PITTSBURGH (KDKA) -- It is a day Pittsburgh will never forget. Tuesday marks two years since 11 lives were lost in the deadliest attack on the Jewish community in United States history.
"All those feelings come back today. And they really never have gone away and they will never go away," said Stephen Cohen, New Light congregation co-president.
Although today marks two years since the tragic events that took place at the Tree of Life Synagogue, so many -- not just here in Pittsburgh, but around the world, and especially those of the Jewish faith -- feel like no time has passed.
"It seems like yesterday. It doesn't seem like two years," said Mayor Bill Peduto.
"Cleaning up in the building, sometimes you see a picture," says Alan Hausman, who is the vice president of the Tree of Life congregation. "There's some Facebook websites where every once in a while, something will show up with a photo with them and you think of great memories. As long as you have the memories, the people still live on."
Outside of the Tree of Life, there were many people dropping off flowers and signs that say "Stronger Than Hate." Some were even holding each other close in hopes of trying to heal from this tragedy.
At 9:54 Tuesday morning, Mayor Bill Peduto, Rabbi Jeffrey Myers and a handful of others stopped, went silent and reflected.
"Light can wash out darkness. Love can overpower hatred. On this spot that we stand we saw it happen," said Peduto.
Two years after the attacks, fencing still surrounds the Tree of Life, adorned with fresh flowers, notes and small stones.
"There's always interesting things and you have to remember that just because I don't understand why somebody left an item, it obviously had a very personal meaning to that person," says Tree of Life congregation director Barb Feige.
WATCH: KDKA's Lindsay Ward Reports
Maddie and Brad Lewis, who live in Lawrenceville, often think of Tree of Life but felt they needed to make a deeper connection today.
"Be here and walk around and spend some time remembering," said Brad Lewis.
"We were both heavily impacted by it. So, I think it's a great day to remember, and to cherish those loved ones and remember those lives lost," said Maddie Lewis.
Therapy dogs Cooper, Nelly and Jewel-Lee greeted mourners at the 10.27 Healing Partnership tent before many walked across the street for silent prayers.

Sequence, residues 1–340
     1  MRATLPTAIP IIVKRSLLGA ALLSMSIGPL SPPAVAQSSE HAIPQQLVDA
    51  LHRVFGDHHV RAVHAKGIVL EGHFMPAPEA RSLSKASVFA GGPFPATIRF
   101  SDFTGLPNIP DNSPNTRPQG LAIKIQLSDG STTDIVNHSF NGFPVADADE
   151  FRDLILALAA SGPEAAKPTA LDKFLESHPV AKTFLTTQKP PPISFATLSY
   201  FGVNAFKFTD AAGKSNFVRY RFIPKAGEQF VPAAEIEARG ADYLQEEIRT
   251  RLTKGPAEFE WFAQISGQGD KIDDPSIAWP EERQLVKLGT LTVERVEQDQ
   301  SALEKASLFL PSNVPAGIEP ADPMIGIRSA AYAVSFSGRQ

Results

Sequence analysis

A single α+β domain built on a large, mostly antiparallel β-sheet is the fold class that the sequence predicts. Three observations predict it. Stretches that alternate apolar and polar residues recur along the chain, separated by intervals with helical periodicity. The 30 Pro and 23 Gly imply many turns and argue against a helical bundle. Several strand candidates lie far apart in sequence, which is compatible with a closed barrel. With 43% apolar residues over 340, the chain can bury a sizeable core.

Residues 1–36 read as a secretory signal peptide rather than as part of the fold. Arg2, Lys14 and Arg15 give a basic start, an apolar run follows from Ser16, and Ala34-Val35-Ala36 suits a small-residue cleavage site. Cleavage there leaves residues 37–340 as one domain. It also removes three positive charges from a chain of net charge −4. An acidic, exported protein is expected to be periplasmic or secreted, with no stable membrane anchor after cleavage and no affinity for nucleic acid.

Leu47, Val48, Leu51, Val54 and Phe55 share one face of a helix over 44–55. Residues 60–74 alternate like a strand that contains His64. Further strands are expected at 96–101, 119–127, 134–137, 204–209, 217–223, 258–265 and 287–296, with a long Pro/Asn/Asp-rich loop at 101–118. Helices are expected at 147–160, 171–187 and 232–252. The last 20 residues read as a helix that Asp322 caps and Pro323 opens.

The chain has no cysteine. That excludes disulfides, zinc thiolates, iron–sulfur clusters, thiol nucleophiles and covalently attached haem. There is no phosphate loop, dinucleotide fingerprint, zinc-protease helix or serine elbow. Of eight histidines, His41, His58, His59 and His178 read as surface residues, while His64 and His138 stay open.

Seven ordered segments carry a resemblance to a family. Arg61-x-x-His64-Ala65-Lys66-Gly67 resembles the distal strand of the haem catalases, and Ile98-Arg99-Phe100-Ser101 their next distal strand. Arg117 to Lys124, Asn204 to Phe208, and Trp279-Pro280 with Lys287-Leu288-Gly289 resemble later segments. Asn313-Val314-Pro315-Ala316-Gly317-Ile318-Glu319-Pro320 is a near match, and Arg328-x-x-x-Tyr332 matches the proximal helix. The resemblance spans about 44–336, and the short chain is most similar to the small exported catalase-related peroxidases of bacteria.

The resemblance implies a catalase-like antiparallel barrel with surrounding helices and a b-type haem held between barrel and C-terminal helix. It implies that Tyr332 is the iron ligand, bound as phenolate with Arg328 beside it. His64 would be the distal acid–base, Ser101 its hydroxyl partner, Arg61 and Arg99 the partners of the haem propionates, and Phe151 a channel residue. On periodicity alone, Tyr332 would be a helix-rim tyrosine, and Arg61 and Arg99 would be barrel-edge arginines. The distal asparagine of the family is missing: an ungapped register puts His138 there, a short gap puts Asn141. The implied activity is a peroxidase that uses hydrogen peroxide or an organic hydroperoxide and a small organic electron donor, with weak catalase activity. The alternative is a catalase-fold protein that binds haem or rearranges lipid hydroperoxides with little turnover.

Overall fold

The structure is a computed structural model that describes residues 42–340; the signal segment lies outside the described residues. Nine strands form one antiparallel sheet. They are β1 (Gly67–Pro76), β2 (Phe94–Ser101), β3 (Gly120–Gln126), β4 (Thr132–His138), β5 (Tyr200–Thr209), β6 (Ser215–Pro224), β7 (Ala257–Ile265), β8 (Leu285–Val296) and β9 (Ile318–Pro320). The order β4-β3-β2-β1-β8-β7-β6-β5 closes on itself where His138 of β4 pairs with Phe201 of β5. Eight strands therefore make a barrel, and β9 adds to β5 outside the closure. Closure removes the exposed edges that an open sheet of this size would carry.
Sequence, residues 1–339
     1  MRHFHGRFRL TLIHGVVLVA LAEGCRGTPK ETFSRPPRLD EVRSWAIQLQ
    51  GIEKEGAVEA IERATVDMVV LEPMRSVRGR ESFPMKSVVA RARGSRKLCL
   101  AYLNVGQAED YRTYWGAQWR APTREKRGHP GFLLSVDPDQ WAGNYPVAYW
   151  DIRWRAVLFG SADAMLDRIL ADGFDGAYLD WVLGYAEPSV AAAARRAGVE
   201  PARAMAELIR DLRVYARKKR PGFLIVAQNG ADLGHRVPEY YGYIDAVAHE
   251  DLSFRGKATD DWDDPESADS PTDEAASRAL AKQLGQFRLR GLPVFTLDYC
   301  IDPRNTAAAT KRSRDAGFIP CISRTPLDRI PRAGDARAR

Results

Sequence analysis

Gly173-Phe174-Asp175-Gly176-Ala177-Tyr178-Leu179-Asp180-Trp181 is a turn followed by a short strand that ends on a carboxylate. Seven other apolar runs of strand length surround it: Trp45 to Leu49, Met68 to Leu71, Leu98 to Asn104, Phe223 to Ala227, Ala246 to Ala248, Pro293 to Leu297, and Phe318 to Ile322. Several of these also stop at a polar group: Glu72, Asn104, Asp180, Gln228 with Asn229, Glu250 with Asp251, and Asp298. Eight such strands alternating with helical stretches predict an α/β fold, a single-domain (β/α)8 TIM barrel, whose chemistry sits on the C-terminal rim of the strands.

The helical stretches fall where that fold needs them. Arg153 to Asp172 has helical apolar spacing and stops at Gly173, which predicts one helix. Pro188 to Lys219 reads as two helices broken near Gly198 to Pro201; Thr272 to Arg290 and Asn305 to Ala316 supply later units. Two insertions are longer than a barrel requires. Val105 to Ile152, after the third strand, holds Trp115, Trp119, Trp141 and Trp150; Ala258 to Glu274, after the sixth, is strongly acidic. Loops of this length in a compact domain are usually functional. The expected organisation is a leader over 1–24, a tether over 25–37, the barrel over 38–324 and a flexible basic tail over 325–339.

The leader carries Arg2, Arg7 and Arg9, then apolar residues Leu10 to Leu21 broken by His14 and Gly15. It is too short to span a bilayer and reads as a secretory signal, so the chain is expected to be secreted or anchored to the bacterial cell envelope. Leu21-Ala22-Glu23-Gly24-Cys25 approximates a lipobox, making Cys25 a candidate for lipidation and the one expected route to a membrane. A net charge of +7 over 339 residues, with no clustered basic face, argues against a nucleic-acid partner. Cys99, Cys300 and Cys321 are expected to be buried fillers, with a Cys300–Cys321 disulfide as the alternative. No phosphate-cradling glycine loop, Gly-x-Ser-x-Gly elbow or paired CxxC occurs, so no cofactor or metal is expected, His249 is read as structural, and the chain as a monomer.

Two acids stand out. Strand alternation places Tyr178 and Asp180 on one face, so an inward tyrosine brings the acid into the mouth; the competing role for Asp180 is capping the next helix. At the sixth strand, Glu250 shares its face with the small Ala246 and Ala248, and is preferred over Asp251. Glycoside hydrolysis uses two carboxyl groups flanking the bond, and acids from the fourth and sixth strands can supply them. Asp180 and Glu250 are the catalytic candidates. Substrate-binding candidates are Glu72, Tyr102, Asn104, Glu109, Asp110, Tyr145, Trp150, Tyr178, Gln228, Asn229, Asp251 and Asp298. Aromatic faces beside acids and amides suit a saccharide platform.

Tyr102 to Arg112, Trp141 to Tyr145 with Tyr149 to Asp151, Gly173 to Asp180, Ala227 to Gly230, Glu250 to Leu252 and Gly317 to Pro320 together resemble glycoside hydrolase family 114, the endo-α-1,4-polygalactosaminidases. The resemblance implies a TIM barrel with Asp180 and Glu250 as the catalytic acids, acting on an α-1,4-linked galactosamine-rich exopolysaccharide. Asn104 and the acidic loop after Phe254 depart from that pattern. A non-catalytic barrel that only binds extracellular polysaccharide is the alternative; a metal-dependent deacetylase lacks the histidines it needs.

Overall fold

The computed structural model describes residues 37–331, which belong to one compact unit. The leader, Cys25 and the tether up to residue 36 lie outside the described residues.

Due to the Coronavirus pandemic this year, the way people are gathering to remember has changed. Dor Hadash, New Light and Tree of Life will host a virtual commemoration ceremony tonight at 7 p.m.
Mayor Peduto says before planning this year's commemoration in the middle of the pandemic, the city did reach out to each family who lost loved ones and the greater Jewish community. He says there's a lot of hate out there right now, and is asking people to reflect on how to be better.
"What this is about is the loss of eleven neighbors whose lives were stolen from them," Mayor Peduto said.
Over the weekend, a prayer service was held, hosted by a group of religious and community organizations, and was streamed on Facebook.
- Survey: Nearly Half Of Americans Aren't Familiar With The Term 'Anti-Semitism'
- Mayor Peduto Calls On Pittsburghers To Hold Moment Of Silence As Tree Of Life Remembrance
They lit a candle for each victim – Rose Mallinger, Richard Gottfried, Melvin Wax, Joyce Fienberg, Jerry Rabinowitz, Irving Younger, Daniel Stein, Cecil and David Rosenthal and Sylvan and Bernice Simon.
"We have to value life above all else. And so our services have been virtual and we've been getting together and we've been trying to make this as meaningful as we can," said Rosanne Levine, Tree of Life member and ambassador.
If you want to take part in this year's commemoration, click here.
"We're on a road, and we're trying to heal, and perhaps someday we'll reach a point in that road where all this makes sense," Cohen said.
for more features.